The dangerous reality of being a woman on the streets of Dhaka

The writer says staying on guard every minute of one's existence outside isn't really a solution when they're the ones who must be granted the right to safety on the roads.

Fatin Hamama

Fatin Hamama

The Daily Star


Photo: Orchid Chakma

April 14, 2022

DHAKA – Do you look back a lot while walking the streets even in broad daylight? Have you ever had a friend track you on Google Maps while you were in an Uber at night? Do you get to walk around late at night without having a trusted one’s number on speed dial? Fear of getting pickpocketed is probably your only concern when you’re amidst a crowd, yes?

If your first two answers are a no, and the rest are yes, I’m pretty sure that whoever you are, you’re in no way a woman on the streets of Bangladesh.

For us, the drill begins even before we step a toe outside the threshold, no matter what time of the day it is. Turning on location sharing with a family member, grabbing pepper spray, putting on a stoic facial expression so that we look rather unapproachable before going out might sound overexaggerated, but this is exactly what more or less every woman I know has gone or goes through on a daily basis. However, that’s only the beginning of it all.

The first thing we feel once we’re outside is not the scorching heat or the sheer chaos of Dhaka. It’s the constant predatory stares and snide remarks muttered and shouted from every possible direction. Half the women I see slipping in and out of the crowds on the overbridges and sidewalks have their backpacks at the front as a way of protection from bad touch and usually, I’m one of them too.

Public transports are no respite either and are such a hotspot for passive harassment that it makes the option of walking by oneself seem like a “good” option. You may think that women who own personal transport and drive themselves have a fair bit of advantage, but that’s not really the case either.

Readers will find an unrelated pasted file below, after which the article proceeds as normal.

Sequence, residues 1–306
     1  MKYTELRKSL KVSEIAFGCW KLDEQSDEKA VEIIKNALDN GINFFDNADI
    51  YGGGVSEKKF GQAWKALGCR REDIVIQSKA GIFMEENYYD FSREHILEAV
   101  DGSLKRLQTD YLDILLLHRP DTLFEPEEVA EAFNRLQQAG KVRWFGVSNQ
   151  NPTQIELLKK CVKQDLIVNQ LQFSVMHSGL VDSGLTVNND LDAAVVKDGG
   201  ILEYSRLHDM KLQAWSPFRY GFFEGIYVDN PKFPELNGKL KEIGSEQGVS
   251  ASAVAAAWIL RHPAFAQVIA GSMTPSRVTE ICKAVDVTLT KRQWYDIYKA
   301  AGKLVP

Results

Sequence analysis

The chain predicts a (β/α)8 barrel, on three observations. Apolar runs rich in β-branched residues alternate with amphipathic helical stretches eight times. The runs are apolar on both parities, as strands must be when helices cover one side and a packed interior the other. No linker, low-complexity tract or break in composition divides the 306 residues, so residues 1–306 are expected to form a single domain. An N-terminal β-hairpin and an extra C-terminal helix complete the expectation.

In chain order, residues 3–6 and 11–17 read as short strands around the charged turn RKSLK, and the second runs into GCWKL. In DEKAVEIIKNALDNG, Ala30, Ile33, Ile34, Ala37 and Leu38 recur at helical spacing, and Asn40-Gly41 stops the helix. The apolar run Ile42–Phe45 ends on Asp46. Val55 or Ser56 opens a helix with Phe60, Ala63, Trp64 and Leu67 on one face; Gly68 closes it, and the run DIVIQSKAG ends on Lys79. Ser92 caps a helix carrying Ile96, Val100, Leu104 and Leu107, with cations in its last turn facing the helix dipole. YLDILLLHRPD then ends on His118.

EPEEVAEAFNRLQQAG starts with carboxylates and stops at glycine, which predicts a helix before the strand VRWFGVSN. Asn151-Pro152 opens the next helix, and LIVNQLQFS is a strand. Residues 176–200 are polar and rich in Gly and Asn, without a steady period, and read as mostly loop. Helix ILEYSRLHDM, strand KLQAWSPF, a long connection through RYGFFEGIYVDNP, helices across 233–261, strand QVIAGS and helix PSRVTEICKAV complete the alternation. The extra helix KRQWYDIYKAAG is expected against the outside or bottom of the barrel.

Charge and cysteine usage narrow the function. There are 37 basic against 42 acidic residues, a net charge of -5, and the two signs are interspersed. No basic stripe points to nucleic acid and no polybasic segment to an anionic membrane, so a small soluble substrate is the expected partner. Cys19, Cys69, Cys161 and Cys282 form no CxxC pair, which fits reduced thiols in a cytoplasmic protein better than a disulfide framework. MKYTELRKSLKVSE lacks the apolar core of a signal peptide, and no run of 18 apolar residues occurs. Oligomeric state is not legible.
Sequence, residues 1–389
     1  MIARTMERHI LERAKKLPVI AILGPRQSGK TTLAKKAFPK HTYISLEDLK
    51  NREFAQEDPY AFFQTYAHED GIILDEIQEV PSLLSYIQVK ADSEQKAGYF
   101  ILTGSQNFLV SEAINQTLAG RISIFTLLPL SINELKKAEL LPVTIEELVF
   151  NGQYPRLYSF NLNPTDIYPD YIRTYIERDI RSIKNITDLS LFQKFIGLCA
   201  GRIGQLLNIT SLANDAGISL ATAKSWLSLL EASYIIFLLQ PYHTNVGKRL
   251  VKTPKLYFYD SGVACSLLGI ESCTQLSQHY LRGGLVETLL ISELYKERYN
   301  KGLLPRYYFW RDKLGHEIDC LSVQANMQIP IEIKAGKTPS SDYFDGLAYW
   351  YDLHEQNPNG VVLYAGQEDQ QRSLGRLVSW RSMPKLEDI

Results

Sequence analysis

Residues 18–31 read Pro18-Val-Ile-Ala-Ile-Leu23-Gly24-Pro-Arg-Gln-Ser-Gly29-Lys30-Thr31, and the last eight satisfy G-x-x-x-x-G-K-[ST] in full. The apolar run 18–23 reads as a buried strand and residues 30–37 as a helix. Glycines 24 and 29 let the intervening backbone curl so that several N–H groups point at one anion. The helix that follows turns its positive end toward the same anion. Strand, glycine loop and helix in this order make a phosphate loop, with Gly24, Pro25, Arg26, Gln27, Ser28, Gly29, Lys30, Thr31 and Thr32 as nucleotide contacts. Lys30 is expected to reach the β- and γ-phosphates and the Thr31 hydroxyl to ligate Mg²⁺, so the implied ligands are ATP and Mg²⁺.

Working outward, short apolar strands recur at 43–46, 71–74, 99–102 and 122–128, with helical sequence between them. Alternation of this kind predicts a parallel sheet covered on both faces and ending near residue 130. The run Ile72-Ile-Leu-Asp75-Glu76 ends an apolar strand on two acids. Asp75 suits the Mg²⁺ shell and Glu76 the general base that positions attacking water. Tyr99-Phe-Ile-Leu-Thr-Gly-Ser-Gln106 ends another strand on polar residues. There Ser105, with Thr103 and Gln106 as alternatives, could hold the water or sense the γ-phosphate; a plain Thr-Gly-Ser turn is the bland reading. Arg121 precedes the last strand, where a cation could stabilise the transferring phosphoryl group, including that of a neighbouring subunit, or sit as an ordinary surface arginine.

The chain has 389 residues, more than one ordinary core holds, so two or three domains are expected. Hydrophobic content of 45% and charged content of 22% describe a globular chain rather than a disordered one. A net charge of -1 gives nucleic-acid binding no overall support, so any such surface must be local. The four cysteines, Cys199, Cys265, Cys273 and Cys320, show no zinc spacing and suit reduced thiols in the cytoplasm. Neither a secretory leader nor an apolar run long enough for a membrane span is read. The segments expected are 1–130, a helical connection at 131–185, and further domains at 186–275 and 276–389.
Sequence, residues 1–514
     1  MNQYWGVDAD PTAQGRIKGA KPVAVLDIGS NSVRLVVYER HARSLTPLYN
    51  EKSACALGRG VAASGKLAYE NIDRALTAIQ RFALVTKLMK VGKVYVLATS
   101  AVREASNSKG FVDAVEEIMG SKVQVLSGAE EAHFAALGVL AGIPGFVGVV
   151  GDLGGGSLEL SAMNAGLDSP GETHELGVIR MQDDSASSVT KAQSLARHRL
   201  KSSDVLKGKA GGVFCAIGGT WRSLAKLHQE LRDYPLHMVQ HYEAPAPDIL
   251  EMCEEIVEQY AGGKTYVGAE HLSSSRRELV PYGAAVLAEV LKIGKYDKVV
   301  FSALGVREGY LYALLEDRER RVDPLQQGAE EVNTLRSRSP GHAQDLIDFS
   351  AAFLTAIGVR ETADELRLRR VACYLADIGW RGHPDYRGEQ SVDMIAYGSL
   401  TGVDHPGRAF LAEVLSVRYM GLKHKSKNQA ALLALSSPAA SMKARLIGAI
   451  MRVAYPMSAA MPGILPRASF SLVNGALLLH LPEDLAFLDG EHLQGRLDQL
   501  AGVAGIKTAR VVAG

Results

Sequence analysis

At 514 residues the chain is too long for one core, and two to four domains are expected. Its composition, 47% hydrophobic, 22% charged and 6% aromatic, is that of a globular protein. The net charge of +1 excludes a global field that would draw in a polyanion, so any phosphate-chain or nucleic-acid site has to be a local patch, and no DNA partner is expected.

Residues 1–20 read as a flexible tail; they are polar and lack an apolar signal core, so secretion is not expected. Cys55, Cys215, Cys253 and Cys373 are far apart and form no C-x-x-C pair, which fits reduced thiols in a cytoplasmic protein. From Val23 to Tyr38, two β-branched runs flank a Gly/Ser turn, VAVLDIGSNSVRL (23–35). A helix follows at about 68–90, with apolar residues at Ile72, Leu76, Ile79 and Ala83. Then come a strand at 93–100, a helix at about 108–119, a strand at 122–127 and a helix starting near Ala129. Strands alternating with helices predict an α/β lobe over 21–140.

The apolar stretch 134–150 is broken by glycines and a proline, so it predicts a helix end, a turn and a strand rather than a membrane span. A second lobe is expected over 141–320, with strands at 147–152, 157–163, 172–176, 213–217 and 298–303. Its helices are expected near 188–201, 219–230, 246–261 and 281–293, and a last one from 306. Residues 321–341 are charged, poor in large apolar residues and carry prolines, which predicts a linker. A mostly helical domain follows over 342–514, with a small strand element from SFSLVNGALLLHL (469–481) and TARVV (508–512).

Firstly, the stares and scoffs intensify even more when a girl is seen riding a bicycle or a motorbike. Secondly, I’ve lost count of the times I’ve seen male drivers deliberately bumping into vehicles being driven by women and starting the usual string of misogynistic ramblings with nods from people around them.

What puts me in a perfect dilemma is how normalised it is for the majority of women to practise shrugging all these off from a shockingly young age but also, how hostile the situation becomes for a woman when she protests against the harassment she faced with half the mass around her pretending nothing happened and the rest turning on her with victim blaming.

I don’t understand why people keep suggesting us to learn basic taekwondo and self-defence techniques just so that we can take a small walk down the street? Staying on guard every minute of one’s existence outside isn’t really a solution when they’re the ones who must be granted the right to safety on the roads. It’s almost as if there’s a general societal consensus in Bangladesh that no woman on the streets has rights over her own body, let alone her safety.

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